First, they save you an immense amount of time. Rather than sorting through data, finding who meets specific criteria, and then shooting an email, you can have a system that does it for you. And, saving time is more than giving you back more space on your calendar. It means you're not wasting the precious time between a customer's action and your follow up, increasing the chances they engage.

Automated emails remove the guesswork. You're able to provide the customer precisely what they need based on parameters you've set, nurturing them through the buyer's journey.

The ability to send emails that meet specified criteria also allows you to provide better customer service. If a customer messages your company, automatic responses and follow-ups let them know you're taking care of them, even if their issue is taking more time to solve.

Because emails are triggered for various reasons, nothing stops you from having multiple versions to push out. Swapping out specific pieces of the email to meet customer preferences could dramatically increase engagement. For example, if one segment has higher open rates on emails that include their name in the preview text, you can swap that line while maintaining the same body of the email. It would take additional time to set up but could provide impressive improvements in your open rates.

Finally, you can increase brand awareness through these messages by reaching out when it's most convenient for them. If a customer always opens their emails at 7:00 am, fire one off at 6:59, so it's the first in their inbox. Data can be used to your advantage.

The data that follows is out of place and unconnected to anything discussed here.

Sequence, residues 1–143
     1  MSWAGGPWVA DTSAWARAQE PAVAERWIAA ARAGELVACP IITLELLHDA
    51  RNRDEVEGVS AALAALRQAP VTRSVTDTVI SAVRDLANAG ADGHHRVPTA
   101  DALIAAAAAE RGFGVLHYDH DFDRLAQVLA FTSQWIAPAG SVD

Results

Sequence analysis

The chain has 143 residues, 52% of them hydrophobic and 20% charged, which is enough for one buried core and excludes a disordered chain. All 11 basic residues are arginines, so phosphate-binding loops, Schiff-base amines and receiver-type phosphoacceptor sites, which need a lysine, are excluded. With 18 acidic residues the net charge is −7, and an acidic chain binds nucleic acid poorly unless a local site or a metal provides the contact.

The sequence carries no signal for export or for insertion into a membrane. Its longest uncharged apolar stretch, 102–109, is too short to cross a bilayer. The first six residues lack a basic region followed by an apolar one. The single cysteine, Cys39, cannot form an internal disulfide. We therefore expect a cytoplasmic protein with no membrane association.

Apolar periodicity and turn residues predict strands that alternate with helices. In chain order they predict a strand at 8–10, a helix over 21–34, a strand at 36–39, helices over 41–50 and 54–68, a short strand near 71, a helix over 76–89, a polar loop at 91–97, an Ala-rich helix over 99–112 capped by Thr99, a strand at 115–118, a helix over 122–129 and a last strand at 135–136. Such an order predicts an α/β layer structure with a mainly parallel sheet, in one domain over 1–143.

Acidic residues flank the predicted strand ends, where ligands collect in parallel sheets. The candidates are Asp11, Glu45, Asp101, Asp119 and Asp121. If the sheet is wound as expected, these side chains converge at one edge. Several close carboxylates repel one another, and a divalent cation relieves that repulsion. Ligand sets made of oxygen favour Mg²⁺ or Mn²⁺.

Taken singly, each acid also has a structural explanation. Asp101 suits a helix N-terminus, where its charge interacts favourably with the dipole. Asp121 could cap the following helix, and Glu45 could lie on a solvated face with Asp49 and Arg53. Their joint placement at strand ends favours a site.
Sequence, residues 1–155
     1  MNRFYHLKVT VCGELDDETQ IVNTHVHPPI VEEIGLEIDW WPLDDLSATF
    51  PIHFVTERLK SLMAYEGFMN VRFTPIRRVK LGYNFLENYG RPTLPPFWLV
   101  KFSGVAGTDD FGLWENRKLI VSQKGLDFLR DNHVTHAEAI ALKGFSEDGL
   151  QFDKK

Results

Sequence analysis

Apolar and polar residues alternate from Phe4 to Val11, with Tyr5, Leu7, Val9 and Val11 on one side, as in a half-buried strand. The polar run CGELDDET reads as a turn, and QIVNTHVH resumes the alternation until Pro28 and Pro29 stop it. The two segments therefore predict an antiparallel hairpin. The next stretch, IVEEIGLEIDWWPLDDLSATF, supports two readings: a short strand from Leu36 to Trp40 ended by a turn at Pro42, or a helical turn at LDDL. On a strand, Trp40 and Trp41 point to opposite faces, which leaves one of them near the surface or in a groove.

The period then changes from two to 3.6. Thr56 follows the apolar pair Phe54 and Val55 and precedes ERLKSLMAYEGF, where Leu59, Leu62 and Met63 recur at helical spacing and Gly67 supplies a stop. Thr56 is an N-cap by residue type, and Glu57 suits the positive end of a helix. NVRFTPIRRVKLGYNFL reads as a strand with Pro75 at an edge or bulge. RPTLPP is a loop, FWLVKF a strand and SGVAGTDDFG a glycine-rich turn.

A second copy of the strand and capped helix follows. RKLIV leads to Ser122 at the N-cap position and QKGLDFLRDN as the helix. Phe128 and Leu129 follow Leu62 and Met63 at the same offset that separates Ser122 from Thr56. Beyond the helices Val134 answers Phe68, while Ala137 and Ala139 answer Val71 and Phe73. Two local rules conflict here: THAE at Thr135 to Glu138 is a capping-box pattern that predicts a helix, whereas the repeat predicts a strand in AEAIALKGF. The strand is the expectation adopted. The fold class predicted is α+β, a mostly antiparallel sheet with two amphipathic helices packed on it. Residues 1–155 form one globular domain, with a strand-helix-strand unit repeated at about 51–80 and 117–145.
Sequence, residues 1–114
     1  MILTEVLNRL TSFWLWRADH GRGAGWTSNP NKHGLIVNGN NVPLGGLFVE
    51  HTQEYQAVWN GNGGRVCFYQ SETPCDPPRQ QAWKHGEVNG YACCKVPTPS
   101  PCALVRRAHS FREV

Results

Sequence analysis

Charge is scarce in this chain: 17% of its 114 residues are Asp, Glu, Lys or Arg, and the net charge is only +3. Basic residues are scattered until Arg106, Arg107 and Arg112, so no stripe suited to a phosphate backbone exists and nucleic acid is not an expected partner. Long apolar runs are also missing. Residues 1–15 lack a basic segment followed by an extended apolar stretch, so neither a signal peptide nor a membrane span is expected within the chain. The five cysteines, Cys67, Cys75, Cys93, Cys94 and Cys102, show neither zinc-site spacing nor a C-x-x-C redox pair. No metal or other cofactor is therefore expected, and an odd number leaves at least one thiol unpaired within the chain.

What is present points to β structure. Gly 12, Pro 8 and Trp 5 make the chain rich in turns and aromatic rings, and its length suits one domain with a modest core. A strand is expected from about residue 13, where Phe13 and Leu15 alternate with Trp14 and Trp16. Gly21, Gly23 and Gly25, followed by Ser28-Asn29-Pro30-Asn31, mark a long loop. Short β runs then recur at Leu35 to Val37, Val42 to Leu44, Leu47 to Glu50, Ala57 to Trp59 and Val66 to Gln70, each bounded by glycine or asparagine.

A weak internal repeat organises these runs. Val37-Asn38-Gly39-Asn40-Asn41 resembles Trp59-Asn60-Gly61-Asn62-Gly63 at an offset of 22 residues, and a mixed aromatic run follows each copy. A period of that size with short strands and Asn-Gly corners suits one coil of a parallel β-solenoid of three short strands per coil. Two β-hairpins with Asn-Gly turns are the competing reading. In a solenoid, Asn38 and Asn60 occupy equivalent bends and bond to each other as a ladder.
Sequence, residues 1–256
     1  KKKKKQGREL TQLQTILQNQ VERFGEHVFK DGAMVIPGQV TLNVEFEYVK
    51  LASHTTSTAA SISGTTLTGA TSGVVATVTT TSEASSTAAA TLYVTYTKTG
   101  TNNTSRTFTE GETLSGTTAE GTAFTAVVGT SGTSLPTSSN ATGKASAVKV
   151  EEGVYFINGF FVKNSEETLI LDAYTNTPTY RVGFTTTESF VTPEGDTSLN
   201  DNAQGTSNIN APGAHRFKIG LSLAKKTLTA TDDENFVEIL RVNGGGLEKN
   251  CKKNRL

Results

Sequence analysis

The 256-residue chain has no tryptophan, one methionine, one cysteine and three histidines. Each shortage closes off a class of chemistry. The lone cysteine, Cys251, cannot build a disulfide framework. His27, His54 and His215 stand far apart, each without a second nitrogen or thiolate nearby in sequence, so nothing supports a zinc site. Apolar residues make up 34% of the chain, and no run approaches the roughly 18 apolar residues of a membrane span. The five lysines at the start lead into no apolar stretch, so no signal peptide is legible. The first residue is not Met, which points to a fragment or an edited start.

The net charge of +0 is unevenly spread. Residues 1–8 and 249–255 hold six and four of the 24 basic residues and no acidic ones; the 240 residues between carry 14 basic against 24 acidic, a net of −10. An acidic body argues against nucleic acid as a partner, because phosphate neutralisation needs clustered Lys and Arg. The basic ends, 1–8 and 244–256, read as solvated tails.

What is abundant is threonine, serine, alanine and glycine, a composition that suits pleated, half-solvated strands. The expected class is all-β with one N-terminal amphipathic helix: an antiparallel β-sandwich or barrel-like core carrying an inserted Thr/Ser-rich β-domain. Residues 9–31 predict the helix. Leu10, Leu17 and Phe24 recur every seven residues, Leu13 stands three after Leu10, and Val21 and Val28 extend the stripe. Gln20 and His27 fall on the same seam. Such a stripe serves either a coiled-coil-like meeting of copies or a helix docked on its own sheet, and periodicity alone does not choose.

7 Emails You Should Automate

There's a variety of emails you can automate, and this list isn't exhaustive. But, we'll show you how some brands use these messages to their advantage, and share why they're fantastic examples as trigger emails.

Welcome

This email kicks off your relationship with a customer. It's what sets the standard for future engagements and establishes what the next steps are with the company.

Trigger-Based-Email-ancestry-welcome-email
 

Ancestry.com does a fantastic job of branding their welcome email and using design to highlight their list of steps. The email also offers a clear CTA to encourage that first step.

Onboarding

Onboarding emails familiarize the customer with the brand and how to use its services. They can include articles, history, and anything that builds that relationship and gets the customer to understand the ins and outs of your brand, service, or products. There's also the possibility of a customer buying a more extensive plan or additional products because of these emails.

Trigger-Based-Email-groove-onboarding
 

Groove gets to the point, setting up the reader's expectations and includes personal touches from the CEO. They make it clear how the recipient can unsubscribe, proving that their audience's attention is important, and building trust on that principle.

Reactivation

Reactivation is a way to reengage your customers with an email. This is triggered when customers haven't opened or responded to messages for a predetermined amount of time. If paired with a special offer or a bonus, customers are more likely to engage. On the other side of the coin, if the customer chooses to opt-out, it'll help your open rates.

Trigger-Based-Email-animoto